Kon Trubkovich appropriates obsolete technology into contemporary vision.
A memory – rewound and replayed, a moment – captured and recorded, a painting – unique and emotional. These thoughts come to mind when one sees Kon Trubkovich‘s recent series of paintings. The ultimate effect of all these elements is a scratched-out tape like effect on images that meaningful and personal to the artist, but broadly representational of a universal set of emotions.
When a single second is fractured into the very frames that it is made up of, the emotional connotation of an already personal moment intensifies. This is exactly what happened with the artist’s first series of the style “Mama”. Plucking one second from the home video of the last party that the artist’s mother hosted in USSR before moving to USA in the 1990s, the artist recreated the moment and augmented it by breaking it down up to the smallest measure of time – 24 frames. By recreating each of the 24 frames into large-scale bordering abstract paintings, it almost feels like Kon is paying homage to the hazy yet clear moment stacked away in the deepest part of the mind. This whole process of creating and stashing memories, only to pull them up again sometime in a slightly vague form is such a natural process that Kon’s work seems to be an extension of that natural instinct.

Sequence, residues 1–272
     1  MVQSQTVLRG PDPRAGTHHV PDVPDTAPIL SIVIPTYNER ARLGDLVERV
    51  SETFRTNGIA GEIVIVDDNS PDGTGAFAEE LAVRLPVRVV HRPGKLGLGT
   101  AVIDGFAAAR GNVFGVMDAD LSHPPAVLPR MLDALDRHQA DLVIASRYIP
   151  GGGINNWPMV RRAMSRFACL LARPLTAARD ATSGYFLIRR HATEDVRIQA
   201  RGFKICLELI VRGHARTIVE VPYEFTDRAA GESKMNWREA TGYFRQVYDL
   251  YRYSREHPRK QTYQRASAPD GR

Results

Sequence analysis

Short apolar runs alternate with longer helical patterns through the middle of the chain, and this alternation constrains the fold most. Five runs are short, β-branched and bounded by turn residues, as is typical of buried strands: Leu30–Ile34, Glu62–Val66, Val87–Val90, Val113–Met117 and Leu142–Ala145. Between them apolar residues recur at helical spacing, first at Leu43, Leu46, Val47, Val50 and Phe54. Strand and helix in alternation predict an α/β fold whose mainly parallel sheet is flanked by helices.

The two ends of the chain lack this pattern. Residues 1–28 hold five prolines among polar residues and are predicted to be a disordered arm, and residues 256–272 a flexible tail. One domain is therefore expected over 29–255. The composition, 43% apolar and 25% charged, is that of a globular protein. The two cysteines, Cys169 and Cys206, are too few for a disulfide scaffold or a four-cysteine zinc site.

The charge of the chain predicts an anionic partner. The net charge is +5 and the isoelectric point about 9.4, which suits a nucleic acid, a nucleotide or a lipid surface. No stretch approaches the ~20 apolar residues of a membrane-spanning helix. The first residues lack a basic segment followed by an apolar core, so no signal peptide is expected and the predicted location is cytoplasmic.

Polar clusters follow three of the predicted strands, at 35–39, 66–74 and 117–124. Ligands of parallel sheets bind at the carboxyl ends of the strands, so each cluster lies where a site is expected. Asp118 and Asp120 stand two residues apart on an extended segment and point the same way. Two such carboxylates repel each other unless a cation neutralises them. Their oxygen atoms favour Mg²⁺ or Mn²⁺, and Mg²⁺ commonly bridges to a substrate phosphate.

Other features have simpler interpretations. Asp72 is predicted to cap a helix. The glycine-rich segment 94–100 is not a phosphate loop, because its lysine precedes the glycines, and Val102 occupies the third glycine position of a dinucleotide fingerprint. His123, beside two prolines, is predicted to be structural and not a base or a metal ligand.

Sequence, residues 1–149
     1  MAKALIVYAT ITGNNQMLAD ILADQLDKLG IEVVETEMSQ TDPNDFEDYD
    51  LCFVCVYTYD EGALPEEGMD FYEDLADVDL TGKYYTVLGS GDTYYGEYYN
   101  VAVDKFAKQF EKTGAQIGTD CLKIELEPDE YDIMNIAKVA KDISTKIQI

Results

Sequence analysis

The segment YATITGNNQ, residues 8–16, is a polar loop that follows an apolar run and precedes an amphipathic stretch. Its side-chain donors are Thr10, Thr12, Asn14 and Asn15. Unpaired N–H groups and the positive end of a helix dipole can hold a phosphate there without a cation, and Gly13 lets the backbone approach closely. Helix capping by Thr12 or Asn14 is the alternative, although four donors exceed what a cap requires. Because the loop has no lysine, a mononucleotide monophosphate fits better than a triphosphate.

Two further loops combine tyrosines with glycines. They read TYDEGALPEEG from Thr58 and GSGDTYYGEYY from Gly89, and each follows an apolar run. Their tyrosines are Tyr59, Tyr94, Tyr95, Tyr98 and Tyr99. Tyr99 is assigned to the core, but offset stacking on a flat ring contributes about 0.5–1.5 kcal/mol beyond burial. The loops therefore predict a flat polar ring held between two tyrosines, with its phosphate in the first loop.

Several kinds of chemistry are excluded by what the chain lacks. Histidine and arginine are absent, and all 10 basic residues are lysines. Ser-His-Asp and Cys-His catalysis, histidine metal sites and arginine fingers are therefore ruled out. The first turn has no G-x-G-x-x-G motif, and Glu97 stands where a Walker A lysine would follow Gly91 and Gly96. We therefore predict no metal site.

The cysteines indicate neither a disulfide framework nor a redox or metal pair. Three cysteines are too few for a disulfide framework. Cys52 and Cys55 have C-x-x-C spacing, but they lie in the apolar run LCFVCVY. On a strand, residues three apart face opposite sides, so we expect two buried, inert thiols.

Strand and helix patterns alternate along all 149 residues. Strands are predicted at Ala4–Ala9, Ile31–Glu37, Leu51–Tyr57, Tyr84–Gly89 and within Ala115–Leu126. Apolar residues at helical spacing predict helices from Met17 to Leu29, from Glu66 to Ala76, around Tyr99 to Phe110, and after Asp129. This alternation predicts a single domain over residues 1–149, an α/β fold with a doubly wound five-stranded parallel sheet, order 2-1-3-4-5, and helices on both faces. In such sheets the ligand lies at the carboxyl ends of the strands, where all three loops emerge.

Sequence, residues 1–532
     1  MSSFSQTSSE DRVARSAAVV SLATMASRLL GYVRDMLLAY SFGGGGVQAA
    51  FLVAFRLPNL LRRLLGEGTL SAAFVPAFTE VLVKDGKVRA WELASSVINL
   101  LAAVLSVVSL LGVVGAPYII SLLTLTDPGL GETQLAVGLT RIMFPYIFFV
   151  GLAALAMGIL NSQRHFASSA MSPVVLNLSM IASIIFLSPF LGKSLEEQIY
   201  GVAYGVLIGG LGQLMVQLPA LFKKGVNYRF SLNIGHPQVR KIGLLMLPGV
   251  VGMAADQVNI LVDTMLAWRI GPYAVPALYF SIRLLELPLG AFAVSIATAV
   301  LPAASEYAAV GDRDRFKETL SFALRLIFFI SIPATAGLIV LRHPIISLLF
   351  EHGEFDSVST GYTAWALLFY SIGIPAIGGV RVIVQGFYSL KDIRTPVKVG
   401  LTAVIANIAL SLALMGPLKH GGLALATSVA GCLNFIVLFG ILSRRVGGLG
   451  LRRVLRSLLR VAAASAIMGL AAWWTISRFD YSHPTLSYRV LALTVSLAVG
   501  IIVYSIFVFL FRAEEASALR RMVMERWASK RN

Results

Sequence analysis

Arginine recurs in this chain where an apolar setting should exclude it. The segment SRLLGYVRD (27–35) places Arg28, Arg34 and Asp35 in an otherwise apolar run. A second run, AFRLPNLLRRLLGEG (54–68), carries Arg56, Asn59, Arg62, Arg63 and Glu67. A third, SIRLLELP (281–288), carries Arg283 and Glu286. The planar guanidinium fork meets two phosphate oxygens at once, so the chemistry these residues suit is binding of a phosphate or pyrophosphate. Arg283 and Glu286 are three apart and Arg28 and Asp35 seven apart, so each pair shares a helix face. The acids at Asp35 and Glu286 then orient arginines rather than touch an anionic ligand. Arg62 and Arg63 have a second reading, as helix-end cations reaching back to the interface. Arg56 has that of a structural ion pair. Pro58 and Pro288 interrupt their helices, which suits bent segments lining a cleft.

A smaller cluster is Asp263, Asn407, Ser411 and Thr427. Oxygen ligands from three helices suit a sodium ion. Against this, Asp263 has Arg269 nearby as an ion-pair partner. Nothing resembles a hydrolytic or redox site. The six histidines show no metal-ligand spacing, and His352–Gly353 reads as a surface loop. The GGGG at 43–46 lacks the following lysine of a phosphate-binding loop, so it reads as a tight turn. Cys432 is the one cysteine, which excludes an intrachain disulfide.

For The Armory Show, the Chelsea based gallery is presenting Kon’s new paintings of Lenny Bruce – which are the artist’s self-portraits in a way. The distorted, barely recognizable profile views of the well-known stand-up comedian & social critic are the artist’s placeholders for himself. One painted in grayscale, and the other in rich and supple shades of blue, these large paintings are fantastic works that expand the moment for it to have a timeless, forever quality.
Video interview transcript on page 2